This is some cringy shit but hold on tight.
They were initially just something to pass the time because I was 3 years old, playing Centipede on Atari. Got an NES at 4 or so and played shit like SMB and whatnot with my mom. One day my mom took me to a video rental store and we rented Dragon Warrior. Though I didn't know it then, thinking back, the discovery of jRPGs changed me.
I would play DW but not know what to do or where to go because I couldn't understand the symbols on the screen. I quickly learned to read. At 6 years old, in 1st grade, I was the only kid with no reading issues.
Got an SNES some years later and rented Final Fantasy 2. FF2 was the game that hooked me; I learned to enjoy story-telling and music. Chrono Trigger furthered this enjoyment. Got a Sega a bit later and games like Phantasy Star and Sword of Vermillion were played. Gameboy games like Final Fantasy Adventure also filled my time.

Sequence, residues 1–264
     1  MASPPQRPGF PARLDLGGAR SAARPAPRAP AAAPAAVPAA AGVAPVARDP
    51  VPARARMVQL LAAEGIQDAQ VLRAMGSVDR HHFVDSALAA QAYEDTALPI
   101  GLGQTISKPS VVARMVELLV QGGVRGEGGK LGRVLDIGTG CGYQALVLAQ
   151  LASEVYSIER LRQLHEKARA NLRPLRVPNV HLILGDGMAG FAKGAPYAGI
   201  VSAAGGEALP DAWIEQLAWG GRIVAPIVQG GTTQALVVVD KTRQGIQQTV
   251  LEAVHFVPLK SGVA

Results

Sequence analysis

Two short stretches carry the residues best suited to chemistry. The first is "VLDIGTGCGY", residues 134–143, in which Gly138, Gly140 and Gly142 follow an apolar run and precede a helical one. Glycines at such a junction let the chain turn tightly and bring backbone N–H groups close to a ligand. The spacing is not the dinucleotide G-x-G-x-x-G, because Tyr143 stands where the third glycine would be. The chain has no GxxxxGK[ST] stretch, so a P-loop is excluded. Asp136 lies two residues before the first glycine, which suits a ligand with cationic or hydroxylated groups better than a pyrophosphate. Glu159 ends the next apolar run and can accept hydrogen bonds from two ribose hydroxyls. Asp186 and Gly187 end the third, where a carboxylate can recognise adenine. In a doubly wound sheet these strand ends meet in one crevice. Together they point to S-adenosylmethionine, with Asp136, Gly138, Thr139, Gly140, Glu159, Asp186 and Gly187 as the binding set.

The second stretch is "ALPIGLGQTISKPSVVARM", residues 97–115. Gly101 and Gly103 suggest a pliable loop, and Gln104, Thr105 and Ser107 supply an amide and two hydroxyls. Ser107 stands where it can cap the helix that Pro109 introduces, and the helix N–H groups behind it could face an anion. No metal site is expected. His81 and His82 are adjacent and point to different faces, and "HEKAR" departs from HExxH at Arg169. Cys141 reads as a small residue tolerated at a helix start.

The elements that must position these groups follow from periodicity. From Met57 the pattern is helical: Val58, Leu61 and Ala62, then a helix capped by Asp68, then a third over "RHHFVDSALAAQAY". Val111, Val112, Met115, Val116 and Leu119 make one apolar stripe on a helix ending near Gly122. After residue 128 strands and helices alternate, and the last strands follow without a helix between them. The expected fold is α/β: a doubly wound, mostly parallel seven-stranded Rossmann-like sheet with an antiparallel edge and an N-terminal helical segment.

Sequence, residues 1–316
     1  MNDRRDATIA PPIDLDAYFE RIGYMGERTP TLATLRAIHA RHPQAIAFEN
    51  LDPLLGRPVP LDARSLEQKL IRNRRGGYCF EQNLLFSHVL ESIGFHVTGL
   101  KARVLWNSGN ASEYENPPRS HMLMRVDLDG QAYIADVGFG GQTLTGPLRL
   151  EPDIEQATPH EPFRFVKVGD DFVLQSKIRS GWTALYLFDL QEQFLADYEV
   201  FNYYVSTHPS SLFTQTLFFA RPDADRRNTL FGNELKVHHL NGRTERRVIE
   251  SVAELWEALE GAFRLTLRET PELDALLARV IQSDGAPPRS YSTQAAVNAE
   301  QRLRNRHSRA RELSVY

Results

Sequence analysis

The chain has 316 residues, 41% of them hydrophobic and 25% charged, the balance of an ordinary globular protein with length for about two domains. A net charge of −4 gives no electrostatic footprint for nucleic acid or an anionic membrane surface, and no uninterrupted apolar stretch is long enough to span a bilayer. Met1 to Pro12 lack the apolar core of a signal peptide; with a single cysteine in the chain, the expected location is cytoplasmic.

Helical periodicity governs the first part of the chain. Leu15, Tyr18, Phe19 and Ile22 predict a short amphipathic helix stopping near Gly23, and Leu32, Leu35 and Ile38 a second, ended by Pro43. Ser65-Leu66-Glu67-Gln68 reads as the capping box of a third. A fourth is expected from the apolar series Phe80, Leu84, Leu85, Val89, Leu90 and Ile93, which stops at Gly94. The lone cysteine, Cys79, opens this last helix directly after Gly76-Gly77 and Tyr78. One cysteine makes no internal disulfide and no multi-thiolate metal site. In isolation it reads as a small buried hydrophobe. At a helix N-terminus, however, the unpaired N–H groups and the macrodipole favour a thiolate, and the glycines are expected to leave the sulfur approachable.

As a teen I got a PS and played games like FF7, FF8, etc., to fill the urge for Final Fantasy. I equated Squaresoft with what I wanted. Eventually I played Final Fantasy Tactics and the story and music enthralled me. I craved more and happened upon a game called Xenogears by Squaresoft. It was Xenogears that made me understand why I played games. I no longer played them just because I was escaping the reality of a poor upbringing. I played them because I had fallen in love with Fantasy; I played them because I had fallen in love with story-telling.
To this day I still play games and read fantasy. Video games taught me how to read, how to appreciate story-telling, how to appreciate orchestral music, and very likely saved me from fucking up as a kid. To this day I still chase that magic, even in VGM.
"Music is a mysterious thing. Sometimes it makes people remember things they do not expect. Many thoughts, feelings, memories... things almost forgotten... Regardless of whether the listener desires to remember or not."
Leave this field blank: